Relationships between tree growth and weather extremes: spatial and interspecific comparisons in a temperate broadleaf forest

Butt, N., Bebber, D. P., Riutta, T., Crockatt, M., Morecroft, M. D. and Malhi, Y. (2014) Relationships between tree growth and weather extremes: spatial and interspecific comparisons in a temperate broadleaf forest. Forest Ecology and Management, 334 209-216. doi:10.1016/j.foreco.2014.09.006


Author Butt, N.
Bebber, D. P.
Riutta, T.
Crockatt, M.
Morecroft, M. D.
Malhi, Y.
Title Relationships between tree growth and weather extremes: spatial and interspecific comparisons in a temperate broadleaf forest
Journal name Forest Ecology and Management   Check publisher's open access policy
ISSN 0378-1127
1872-7042
Publication date 2014-12-05
Sub-type Article (original research)
DOI 10.1016/j.foreco.2014.09.006
Open Access Status
Volume 334
Start page 209
End page 216
Total pages 8
Place of publication Amsterdam, Netherlands
Publisher Elsevier
Collection year 2015
Language eng
Abstract Three years of monthly growth increment data identified large interannual differences in growth rate across six contrasting species in a broadleaved, temperate forest with minimum management intervention (Wytham Woods, UK). Growth rates varied by species and canopy position, and were higher in canopy species. Growth rate in 2010 was up to 40% lower than in 2011 and 2012. This can best be explained as an effect of low temperature, which delayed the start of spring and the growing season. This had a greater impact on the growth of sub-canopy trees than that of canopy species. In temperate systems, late spring and summer is an important component of the whole growing season carbon balance because of long day length. In 2010 there were also periods of lower-than-average rainfall, which may additionally have constrained growth during the growing season. Fluctuations and seasonal changes in both temperature and rainfall are projected to continue, so we may expect to see increasing differences in growth and growth rates. A small effect of location relative to the nearest edge was also detected, with higher growth rates only found >50. m from the forest edge. The findings have implications for forest structure and productivity under climate change, and may thus inform current and future forest management.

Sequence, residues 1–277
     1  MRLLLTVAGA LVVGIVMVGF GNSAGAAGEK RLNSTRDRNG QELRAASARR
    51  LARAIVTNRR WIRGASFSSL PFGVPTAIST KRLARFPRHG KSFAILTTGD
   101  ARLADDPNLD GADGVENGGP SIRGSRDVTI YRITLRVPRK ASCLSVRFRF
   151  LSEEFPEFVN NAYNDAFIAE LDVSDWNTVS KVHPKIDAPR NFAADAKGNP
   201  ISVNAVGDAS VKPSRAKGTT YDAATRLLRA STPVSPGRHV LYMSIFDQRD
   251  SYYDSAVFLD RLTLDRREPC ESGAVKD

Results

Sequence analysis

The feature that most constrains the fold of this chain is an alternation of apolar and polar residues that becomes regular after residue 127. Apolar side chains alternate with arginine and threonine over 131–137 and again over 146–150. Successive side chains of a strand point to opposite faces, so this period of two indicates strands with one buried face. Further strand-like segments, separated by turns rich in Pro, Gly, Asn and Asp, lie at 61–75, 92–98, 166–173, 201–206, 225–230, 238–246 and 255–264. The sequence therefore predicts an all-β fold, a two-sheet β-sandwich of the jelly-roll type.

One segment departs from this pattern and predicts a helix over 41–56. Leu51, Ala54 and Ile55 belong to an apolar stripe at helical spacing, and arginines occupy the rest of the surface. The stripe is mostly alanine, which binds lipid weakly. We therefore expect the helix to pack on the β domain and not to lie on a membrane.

Keyword Broadleaf temperate forest
Climate change
Dendrometer measurements
Forest carbon
Spring growth
Tree growth rates
Q-Index Code C1
Q-Index Status Confirmed Code
Institutional Status UQ

Document type: Journal Article
Sub-type: Article (original research)
Collections: Official 2015 Collection
School of Biological Sciences Publications
 
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